Springing forward
Hungry bug seeks hot meal
Treating peanut allergy bit by bit
Salamanders and Newts
Tree Frogs
Color-Changing Bugs
Polly Shouldn't Get a Cracker
Awake at Night
Math is a real brain bender
A Global Warming Flap
Swine flu goes global
Chemistry and Materials
The chemistry of sleeplessness
When frog gender flips
Butterfly Wings and Waterproof Coats
Hitting the redo button on evolution
The science of disappearing
The solar system's biggest junkyard
Dinosaurs and Fossils
Winged Insects May Go Way Back
An Ancient Spider's Web
Message in a dinosaur's teeth
E Learning Jamaica
E Learning in Jamaica WIN PRIZES and try our Fun Animated Games
2014 GSAT Results for Jamaican Kids
Results of GSAT are in schools this week
In Antarctica watch the heat (and your step)
Coral Gardens
Explorer of the Extreme Deep
A Vulture's Hidden Enemy
Indoor ozone stopper
When Fungi and Algae Marry
Finding the Past
Decoding a Beverage Jar
Big Woman of the Distant Past
Stone Tablet May Solve Maya Mystery
Food and Nutrition
How Super Are Superfruits?
Sponges' secret weapon
Moving Good Fats from Fish to Mice
GSAT English Rules
Adjectives and Adverbs
Problems with Prepositions
Capitalization Rules
GSAT Exam Preparation Jamaica
2014 GSAT Results for Jamaican Kids
Tarrant High overcoming the odds
Ministry of Education Announces 82 GSAT Scholarships for 2010
GSAT Exams Jamaica Scholarships
Results of GSAT are in schools this week
GSAT Scholarship
GSAT Exam Preparation
GSAT Mathematics
Math of the World
GSAT Mathematics Quiz, Teaching Math, teaching anxiety
Math Naturals
Human Body
Germ Zapper
Don't Eat That Sandwich!
Music in the Brain
Hermit Crabs
Sperm Whale
Persian Cats
Choosing a Preschool: What to Consider
Children and Media
Expert report highlights the importance to parents of reading to children!
The Pressure of Scuba Diving
Spin, Splat, and Scramble
Speedy stars
Bright Blooms That Glow
Springing forward
A Giant Flower's New Family
Black Mamba
Sea Turtles
Boa Constrictors
Space and Astronomy
Saturn's New Moons
Zooming In on the Wild Sun
Ringing Saturn
Technology and Engineering
Reach for the Sky
Morphing a Wing to Save Fuel
Supersuits for Superheroes
The Parts of Speech
What is a Verb?
What is a Noun
What is a Preposition?
Tinkering With the Basic Bike
Robots on the Road, Again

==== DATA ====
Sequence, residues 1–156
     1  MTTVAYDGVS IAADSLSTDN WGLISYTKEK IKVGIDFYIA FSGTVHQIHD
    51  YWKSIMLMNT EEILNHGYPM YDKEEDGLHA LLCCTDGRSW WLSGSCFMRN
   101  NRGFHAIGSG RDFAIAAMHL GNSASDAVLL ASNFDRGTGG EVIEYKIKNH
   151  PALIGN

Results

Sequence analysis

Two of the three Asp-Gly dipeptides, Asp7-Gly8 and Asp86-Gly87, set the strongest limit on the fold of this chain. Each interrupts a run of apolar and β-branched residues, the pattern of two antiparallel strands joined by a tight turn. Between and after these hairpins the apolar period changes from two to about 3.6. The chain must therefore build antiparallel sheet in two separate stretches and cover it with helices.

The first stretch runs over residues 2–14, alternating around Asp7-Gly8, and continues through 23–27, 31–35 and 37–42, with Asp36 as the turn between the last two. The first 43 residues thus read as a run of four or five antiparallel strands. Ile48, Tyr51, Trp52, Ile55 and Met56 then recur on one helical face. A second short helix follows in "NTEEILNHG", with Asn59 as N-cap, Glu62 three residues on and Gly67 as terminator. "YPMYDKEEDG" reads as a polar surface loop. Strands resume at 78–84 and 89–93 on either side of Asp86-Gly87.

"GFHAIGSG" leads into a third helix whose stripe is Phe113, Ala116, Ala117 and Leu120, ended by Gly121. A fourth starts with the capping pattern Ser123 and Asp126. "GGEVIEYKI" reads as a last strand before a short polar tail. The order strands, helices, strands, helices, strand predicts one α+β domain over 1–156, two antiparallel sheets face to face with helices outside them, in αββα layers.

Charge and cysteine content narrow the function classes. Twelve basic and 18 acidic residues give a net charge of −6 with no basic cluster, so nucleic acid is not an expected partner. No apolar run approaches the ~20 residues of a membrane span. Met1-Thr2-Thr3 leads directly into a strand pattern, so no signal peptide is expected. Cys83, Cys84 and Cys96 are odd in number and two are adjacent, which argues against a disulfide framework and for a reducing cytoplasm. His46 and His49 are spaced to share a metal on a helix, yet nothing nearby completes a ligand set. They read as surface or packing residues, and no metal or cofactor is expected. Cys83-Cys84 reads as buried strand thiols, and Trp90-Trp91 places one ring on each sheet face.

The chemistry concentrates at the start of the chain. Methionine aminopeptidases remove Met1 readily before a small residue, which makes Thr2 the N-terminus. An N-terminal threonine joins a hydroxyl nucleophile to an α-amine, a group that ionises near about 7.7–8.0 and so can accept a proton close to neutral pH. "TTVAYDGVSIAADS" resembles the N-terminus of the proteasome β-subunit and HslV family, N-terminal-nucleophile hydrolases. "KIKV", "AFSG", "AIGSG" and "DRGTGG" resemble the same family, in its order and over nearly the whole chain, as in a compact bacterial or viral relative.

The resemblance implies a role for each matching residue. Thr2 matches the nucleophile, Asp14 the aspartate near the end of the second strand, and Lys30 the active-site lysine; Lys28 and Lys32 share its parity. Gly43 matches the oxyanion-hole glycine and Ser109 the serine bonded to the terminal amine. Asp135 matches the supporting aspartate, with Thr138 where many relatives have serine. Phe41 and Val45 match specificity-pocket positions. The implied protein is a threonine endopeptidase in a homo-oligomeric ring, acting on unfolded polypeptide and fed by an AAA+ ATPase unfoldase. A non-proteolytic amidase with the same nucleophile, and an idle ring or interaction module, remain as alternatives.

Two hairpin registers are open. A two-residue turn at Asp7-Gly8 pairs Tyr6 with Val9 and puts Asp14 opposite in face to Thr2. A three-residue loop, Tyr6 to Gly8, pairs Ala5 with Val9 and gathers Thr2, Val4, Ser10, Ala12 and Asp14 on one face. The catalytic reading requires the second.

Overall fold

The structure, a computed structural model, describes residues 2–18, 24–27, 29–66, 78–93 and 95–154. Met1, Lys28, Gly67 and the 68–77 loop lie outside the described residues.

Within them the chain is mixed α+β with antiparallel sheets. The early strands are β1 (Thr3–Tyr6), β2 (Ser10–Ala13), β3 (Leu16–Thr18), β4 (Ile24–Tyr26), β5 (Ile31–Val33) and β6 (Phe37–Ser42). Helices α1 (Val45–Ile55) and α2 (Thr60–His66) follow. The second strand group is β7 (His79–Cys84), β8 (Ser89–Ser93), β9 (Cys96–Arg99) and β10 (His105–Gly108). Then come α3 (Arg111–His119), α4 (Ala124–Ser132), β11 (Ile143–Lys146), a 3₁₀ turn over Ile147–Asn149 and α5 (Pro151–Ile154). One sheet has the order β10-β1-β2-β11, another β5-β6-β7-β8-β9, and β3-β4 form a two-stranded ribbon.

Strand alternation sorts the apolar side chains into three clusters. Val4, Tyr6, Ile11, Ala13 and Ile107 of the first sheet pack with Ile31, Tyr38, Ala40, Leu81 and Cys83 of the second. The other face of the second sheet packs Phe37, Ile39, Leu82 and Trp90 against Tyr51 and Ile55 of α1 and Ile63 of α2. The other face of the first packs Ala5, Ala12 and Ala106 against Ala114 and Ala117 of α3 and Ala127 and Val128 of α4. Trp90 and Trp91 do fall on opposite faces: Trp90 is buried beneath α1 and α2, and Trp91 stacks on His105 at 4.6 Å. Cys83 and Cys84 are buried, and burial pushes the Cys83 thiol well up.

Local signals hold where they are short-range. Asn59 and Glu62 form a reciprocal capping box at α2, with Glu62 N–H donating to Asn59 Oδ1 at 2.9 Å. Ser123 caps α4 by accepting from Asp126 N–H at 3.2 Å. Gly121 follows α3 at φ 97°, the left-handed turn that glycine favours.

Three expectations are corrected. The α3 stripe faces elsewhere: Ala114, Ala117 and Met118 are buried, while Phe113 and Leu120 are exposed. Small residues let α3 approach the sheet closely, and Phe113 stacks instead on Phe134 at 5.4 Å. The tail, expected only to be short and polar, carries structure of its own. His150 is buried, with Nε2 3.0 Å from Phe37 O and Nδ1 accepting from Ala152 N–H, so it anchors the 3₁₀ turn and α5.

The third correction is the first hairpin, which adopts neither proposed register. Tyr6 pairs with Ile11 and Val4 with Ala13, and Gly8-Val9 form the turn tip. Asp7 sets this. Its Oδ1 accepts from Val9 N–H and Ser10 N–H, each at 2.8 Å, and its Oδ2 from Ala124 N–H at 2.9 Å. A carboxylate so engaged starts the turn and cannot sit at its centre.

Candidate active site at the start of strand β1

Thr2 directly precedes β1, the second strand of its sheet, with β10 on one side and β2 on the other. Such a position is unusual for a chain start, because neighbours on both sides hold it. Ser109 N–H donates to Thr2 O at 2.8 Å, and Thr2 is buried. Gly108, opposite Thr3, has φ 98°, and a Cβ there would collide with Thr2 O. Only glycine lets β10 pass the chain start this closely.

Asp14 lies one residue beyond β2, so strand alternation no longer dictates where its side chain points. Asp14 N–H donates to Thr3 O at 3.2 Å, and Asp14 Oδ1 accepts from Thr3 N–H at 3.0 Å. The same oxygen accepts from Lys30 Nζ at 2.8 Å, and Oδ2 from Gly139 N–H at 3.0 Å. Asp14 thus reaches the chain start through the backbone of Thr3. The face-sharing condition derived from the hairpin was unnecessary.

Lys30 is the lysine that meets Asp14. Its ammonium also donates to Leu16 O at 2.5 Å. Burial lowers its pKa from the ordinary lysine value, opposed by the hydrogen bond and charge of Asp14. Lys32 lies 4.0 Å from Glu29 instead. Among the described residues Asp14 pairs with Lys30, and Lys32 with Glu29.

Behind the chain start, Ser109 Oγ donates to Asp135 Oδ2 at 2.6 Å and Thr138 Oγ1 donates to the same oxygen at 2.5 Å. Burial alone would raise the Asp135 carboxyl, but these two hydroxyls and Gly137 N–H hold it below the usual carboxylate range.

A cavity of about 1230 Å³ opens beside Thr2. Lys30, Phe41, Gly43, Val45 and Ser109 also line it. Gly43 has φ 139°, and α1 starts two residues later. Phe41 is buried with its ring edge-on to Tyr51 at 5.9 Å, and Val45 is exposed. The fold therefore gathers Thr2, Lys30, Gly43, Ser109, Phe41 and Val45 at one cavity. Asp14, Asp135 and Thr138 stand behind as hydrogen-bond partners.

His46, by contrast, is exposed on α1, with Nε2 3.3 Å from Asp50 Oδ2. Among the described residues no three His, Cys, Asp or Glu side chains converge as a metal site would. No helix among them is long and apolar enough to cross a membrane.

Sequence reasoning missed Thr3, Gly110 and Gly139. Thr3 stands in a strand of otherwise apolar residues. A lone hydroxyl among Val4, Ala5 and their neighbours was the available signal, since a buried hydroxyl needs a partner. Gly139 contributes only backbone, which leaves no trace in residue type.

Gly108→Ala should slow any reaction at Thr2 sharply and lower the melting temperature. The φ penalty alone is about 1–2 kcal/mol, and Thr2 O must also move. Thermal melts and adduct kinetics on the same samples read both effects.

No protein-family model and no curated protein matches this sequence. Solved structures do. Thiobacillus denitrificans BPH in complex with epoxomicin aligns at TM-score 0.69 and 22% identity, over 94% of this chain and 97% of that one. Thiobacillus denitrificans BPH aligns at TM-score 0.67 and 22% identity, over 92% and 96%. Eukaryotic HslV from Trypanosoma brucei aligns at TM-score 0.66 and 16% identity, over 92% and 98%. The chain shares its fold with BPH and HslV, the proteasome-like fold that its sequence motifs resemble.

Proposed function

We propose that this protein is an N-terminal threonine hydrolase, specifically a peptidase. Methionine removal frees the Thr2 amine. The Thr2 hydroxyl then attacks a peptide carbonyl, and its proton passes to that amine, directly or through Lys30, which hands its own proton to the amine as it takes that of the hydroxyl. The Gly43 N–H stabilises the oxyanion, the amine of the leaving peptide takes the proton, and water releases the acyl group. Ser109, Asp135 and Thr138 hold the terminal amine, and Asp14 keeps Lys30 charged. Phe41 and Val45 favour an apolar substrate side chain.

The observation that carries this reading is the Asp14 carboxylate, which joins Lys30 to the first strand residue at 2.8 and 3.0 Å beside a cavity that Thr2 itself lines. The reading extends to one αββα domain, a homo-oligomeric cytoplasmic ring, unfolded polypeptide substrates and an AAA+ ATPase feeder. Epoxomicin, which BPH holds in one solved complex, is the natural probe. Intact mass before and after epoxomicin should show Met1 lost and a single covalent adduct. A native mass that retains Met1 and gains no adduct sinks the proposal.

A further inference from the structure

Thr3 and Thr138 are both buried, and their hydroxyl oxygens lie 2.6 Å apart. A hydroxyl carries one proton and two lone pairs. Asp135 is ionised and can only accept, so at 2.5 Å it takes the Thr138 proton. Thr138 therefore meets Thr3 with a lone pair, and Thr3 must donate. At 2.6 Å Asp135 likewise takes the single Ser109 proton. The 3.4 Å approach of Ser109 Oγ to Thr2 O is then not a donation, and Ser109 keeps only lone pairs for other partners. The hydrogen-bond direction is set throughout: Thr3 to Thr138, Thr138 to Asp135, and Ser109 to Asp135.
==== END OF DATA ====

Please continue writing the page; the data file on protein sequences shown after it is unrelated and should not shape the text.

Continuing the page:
Revving Up Green Machines
Either Martians or Mars has gas
Catching Some Rays
Watering the Air
Add your Article

Burst Busters

Explosions on Earth are a pretty big deal. In outer space, though, things are blowing up all the time. Two new studies show that a particularly powerful type of explosion is 10 times as common, but not always as powerful, as astronomers had thought. The explosions are called gamma-ray bursts. One seems to appear whenever a dying star collapses and becomes a spinning black hole or neutron star. Particles burst out of a doughnut-shaped disk that surrounds the collapsed star, producing gamma rays. A leading theory proposes that all gamma-ray bursts have the same amount of energy. In that case, the energy we detect here on Earth mostly depends on how far away the explosion is and how much of the blast is aimed in our direction. New data cast doubt on that assumption. On Dec. 3, 2003, a European satellite called INTEGRAL recorded an unusual gamma-ray burst officially labeled GRB 031203. Two teams, one from Russia and one from California, looked closely at the data. They found that the burst happened in a galaxy that is relatively close to us, just 1.3 billion light-years away. Oddly, though, it had only about one-thousandth as much energy as do bursts that come from much farther away. Analysis of the afterglow confirmed that the burst was a low-energy event. Astronomers might be missing many gamma-ray bursts because they've been looking only for high-energy explosions, the researchers say. In October, the scheduled launch of a satellite called Swift might help resolve the issue. Swift is designed to register fainter bursts than telescopes on Earth normally detect.E. Sohn

Burst Busters
Burst Busters

Designed and Powered by™